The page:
Biden Tries To Twist His Domestic Agenda Into a Form Joe Manchin Will Support

During his first year in office, President Joe Biden tried and failed to get Sen. Joe Manchin (D–W.Va.) and the other moderate Democrats in Congress onboard with his costly domestic agenda.

Biden has promised to promote that agenda in year two. This is to address concerns Manchin raised over how Biden’s plans could increase America’s trillion-dollar deficit and record-high national debt.

Biden spoke Tuesday at the State of the Union.

A fine thesis—a welcome one, even—but Biden declined to fill in many details about how he intends to do that. The only specific plan announced on Tuesday was a new office within the Department of Justice to investigate and prosecute waste, fraud, and abuse within the pandemic relief bills passed over the past two years—bills that, in fairness, were wracked by waste, fraud, and abuse.

Biden’s domestic agenda, apart from that, sounds almost the same as last year. There are protectionist “Buy American”, tax credit for parents and more social security nets, plus a toughening of the business owners that Democrats seem to be trying to make scapegoats for runaway inflation.

It is admirable that we are trying to eliminate waste. However, it may not be enough time. However, the main drivers of federal budget deficit include a structural imbalance between spending and revenues and instabil long-term costs associated with entitlement programs. If you promise to lower the deficit but don’t address these two factors, it’s not serious.

Biden’s plans don’t seem to be serious.

He repeated his promise a few seconds later that the deficit “will be less than half of what it was before my election” and continued by saying that he’d be the “only president who has ever reduced the deficit by more that one trillion dollars in a single calendar year.”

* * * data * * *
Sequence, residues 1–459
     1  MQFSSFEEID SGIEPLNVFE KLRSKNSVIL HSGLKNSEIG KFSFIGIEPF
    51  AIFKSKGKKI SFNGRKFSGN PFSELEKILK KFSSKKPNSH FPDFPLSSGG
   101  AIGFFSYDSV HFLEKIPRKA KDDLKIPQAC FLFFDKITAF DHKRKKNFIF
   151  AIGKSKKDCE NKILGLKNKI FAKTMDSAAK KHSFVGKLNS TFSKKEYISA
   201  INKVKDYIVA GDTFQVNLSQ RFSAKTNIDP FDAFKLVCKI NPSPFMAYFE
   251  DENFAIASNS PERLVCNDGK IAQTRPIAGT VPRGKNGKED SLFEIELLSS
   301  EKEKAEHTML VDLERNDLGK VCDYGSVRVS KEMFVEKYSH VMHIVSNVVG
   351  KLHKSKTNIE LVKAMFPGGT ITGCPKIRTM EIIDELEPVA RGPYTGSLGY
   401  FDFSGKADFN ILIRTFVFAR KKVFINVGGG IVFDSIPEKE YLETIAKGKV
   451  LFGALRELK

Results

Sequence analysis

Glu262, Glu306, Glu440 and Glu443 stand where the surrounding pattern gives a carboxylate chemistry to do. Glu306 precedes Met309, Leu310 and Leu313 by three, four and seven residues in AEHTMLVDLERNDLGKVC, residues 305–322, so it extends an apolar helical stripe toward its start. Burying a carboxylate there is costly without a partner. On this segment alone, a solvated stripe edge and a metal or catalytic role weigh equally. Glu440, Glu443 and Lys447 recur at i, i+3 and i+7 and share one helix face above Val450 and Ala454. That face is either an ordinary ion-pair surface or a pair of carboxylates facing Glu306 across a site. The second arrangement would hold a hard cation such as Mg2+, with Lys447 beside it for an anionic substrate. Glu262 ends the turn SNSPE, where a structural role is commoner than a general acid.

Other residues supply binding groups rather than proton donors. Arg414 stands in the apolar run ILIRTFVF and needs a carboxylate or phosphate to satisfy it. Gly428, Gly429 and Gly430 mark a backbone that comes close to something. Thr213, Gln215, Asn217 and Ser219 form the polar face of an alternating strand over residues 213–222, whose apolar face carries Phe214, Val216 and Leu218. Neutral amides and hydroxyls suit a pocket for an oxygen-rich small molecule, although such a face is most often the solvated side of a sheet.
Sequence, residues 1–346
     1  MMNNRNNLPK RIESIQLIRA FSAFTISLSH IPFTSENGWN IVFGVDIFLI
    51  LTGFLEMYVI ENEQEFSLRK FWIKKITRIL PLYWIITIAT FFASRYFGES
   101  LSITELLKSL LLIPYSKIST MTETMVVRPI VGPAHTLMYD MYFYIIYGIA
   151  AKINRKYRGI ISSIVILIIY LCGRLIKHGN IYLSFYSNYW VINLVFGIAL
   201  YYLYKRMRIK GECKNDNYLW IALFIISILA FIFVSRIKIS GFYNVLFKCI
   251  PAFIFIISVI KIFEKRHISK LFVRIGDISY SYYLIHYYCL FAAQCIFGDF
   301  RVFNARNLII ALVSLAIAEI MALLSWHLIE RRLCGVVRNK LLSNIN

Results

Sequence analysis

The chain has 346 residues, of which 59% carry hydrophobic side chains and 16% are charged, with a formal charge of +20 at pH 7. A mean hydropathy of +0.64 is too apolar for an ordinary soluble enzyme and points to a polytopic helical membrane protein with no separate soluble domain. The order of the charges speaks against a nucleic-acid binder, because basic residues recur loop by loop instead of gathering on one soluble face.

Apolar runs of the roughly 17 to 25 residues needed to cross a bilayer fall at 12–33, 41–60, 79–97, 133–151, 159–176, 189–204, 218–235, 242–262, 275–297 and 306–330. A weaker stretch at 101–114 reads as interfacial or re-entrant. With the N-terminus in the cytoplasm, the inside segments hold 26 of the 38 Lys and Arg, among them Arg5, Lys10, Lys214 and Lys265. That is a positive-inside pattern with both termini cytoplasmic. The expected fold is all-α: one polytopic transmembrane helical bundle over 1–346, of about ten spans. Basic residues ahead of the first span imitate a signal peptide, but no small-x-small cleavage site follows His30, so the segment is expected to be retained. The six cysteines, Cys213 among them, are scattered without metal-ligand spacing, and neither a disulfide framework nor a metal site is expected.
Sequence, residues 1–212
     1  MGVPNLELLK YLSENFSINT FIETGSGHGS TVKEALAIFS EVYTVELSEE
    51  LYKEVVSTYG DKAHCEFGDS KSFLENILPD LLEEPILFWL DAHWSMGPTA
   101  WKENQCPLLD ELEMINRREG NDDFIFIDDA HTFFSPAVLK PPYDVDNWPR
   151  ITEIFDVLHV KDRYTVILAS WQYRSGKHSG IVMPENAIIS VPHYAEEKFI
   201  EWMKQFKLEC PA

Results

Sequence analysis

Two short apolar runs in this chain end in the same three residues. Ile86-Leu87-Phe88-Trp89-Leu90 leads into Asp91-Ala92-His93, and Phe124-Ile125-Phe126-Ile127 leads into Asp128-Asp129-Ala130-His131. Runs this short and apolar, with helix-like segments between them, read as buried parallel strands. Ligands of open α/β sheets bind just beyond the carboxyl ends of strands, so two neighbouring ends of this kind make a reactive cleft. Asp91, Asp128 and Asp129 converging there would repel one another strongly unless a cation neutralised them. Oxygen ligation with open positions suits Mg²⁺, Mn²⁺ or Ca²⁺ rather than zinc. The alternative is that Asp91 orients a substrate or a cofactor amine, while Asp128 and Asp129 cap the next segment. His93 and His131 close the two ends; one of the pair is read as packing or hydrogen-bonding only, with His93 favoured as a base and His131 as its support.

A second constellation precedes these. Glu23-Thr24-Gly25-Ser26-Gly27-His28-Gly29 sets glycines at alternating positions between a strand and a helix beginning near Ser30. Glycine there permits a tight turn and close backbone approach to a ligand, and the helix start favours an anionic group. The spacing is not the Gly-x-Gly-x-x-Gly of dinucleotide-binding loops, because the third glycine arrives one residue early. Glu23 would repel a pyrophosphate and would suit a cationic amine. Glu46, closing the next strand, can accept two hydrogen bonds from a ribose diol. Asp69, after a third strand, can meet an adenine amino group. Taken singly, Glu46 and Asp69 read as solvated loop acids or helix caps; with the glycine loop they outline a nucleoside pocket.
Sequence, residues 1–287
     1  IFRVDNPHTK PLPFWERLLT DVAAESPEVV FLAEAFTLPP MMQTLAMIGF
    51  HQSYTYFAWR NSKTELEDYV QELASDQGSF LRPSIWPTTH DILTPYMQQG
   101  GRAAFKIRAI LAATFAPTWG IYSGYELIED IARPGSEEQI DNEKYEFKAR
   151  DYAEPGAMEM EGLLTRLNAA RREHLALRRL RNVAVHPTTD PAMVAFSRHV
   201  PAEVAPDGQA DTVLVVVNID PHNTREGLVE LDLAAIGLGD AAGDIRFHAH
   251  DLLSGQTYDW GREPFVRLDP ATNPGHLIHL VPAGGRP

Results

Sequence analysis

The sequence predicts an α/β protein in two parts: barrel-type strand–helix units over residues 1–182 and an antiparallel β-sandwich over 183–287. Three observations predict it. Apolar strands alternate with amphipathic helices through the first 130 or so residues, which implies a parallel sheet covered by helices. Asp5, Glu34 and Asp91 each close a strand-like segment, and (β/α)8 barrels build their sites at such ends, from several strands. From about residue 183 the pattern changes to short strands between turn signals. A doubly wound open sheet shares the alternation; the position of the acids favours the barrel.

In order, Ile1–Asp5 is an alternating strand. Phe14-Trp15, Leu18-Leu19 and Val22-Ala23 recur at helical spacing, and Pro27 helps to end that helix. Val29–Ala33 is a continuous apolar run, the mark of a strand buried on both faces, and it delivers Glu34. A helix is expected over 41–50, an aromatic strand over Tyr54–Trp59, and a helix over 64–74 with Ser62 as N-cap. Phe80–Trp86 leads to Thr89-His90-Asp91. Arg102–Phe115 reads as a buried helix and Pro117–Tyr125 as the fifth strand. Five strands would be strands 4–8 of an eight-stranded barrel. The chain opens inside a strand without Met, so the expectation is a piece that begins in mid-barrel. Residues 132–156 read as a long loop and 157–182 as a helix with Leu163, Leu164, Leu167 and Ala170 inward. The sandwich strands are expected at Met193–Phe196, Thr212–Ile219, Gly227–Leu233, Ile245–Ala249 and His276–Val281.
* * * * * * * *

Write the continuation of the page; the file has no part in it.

It’s quite a clever game. Pandemic spending caused the federal deficit to balloon to more than $3 trillion in 2020, and it reached $2.8 trillion last fiscal year. After the pandemic is over and all emergency spending ends, the deficit should fall to approximately $1.1 trillion in 2019. Then it will level off again and rise.

That decline is not the result of anything Biden is proposing to do—and it doesn’t mean that the underlying problems with the federal budget have been addressed.

Biden sets the lowest goal possible for deficit reduction and takes credit for it. He hopes that this will be enough to persuade moderate Democrats to support more spending.

This is because it’s completely the other shoe. Biden’s “Build back Better” plan was killed in the Senate by Manchin and moderate Democrats who refused to vote for additional spending. Manchin stated this in detail: “This plan is a recipe to an economic crisis,” he declared of Biden’s November proposal.

Manchin was correct to call it “budget gimmicks” even though the White House attempted to reconfigure half the cost of the package.

Biden has promised to make changes and introduce new gimmicks. This time, they will be gift wrapped for Manchin. It’s not deficit reduction. This just means more of what we have.